Page Banner

United States Department of Agriculture

Agricultural Research Service

Title: Effects of Native Lipid Content on the Gel Properties and Spherulite Formation of Jet Cooked Cornstarch

Authors
item Peterson, Steven
item Eller, Fred
item Fanta, George
item Felker, Frederick

Submitted to: American Association of Cereal Chemists Meetings
Publication Type: Abstract Only
Publication Acceptance Date: May 28, 2006
Publication Date: September 17, 2006
Citation: Peterson, S.C. 2006. Effects of native lipid content on the gel properties and spherulite formation of jet cooked cornstarch [abstract]. American Association of Cereal Chemists Meetings. p. 167.

Technical Abstract: Steam jet cooking is a process that has been used for many years to prepare aqueous starch dispersions for both food and industrial applications. In this process, gel properties of the final starch dispersion are dependent on several variables, including starch concentration, steam pressure, stirring and cooling conditions, and the native lipid content of the starch. Jet cooked cornstarch dispersions, when slowly cooled, have also been shown to form spherulites with varying morphologies that are also greatly influenced by the presence of native lipids, i.e., they will not form using defatted starch. Recent studies using critical fluid extraction of cornstarch have shown that partial, non-specific extraction of the native lipids from cornstarch can be obtained quickly and without the use of large amounts of potentially toxic solvents. Thus, cornstarch samples with a range of native lipid content were subjected to jet cooking in order to determine the role of native lipid content on gel properties, and spherulite formation in jet cooked cornstarch.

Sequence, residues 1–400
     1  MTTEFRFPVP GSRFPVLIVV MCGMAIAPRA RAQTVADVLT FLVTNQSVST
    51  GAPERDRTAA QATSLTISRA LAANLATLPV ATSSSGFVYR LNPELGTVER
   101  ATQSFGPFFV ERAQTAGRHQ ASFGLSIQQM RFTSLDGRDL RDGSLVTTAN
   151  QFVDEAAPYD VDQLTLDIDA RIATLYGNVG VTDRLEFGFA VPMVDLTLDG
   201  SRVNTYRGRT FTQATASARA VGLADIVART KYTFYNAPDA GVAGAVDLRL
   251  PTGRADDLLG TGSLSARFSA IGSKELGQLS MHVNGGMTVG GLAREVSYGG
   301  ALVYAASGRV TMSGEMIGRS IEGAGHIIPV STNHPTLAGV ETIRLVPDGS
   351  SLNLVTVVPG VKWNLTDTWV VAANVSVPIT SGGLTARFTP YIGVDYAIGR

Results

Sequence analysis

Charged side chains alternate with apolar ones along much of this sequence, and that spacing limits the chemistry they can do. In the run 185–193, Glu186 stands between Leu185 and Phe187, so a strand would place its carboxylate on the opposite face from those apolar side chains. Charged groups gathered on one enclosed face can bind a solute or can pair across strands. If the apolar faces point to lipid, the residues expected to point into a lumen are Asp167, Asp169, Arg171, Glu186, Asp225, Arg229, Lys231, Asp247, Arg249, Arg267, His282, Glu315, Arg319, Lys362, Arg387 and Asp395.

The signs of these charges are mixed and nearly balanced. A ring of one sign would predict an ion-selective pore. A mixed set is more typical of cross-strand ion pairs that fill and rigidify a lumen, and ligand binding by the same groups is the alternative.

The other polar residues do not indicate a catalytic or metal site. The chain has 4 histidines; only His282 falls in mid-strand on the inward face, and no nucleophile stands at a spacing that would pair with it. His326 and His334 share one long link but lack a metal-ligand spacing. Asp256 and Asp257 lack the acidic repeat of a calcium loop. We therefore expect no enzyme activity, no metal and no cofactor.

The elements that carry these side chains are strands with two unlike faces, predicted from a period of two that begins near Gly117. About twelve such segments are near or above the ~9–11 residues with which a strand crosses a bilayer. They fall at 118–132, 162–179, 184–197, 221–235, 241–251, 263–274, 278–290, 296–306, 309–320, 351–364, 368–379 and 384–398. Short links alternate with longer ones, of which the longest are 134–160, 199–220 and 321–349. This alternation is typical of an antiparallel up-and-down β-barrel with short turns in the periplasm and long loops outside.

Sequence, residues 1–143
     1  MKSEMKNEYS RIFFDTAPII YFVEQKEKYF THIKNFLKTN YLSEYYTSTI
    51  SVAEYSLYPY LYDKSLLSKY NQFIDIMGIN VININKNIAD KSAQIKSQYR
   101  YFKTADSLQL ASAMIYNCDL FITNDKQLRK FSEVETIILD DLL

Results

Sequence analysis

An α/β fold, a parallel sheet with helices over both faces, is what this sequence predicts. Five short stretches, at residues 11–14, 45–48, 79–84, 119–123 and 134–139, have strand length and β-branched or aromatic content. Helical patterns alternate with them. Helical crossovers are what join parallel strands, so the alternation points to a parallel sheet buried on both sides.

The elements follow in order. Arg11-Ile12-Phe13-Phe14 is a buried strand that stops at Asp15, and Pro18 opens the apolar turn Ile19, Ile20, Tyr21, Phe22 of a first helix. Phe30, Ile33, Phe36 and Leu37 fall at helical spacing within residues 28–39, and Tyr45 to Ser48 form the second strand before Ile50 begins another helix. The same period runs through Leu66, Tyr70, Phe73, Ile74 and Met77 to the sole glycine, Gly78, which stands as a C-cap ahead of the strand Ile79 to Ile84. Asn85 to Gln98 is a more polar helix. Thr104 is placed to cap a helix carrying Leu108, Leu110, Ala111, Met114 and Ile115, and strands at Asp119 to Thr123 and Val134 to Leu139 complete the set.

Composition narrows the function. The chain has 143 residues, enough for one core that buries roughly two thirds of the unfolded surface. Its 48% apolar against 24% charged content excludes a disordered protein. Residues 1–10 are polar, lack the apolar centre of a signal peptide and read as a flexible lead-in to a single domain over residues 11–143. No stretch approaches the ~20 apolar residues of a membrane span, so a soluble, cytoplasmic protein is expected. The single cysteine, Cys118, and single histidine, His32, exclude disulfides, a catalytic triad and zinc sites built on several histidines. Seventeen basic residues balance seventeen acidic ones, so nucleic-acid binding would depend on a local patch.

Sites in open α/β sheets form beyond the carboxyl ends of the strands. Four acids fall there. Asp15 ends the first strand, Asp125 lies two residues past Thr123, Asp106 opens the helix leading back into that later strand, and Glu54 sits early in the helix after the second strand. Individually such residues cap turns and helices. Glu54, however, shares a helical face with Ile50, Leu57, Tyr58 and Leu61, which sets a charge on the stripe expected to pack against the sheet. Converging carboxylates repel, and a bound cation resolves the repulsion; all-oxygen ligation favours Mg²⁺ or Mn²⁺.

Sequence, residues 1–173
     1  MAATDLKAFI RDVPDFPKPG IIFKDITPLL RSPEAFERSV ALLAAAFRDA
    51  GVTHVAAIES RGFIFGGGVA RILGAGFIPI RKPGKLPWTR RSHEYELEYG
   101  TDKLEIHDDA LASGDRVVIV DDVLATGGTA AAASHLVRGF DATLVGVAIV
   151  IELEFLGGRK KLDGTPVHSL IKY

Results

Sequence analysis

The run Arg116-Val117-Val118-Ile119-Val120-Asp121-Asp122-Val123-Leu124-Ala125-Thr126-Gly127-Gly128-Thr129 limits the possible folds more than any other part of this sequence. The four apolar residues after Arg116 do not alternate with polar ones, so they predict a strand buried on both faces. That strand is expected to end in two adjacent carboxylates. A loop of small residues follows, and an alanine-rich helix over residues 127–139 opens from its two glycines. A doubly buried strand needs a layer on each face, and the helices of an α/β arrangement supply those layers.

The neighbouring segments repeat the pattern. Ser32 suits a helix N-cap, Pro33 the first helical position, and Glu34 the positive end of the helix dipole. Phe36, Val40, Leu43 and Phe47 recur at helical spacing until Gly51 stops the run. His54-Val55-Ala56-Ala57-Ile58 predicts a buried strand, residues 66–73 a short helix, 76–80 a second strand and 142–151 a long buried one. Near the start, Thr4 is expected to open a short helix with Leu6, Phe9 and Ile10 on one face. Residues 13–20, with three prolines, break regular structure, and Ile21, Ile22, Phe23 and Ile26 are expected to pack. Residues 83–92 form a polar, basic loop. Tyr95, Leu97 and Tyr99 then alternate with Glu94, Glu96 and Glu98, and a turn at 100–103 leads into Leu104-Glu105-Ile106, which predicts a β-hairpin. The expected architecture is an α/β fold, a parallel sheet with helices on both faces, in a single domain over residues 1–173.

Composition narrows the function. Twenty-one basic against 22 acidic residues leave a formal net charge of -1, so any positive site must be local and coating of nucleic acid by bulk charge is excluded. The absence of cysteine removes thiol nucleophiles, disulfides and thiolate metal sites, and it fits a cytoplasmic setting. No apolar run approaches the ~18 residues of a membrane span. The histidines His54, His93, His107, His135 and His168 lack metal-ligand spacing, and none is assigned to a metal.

Last Modified: 9/21/2014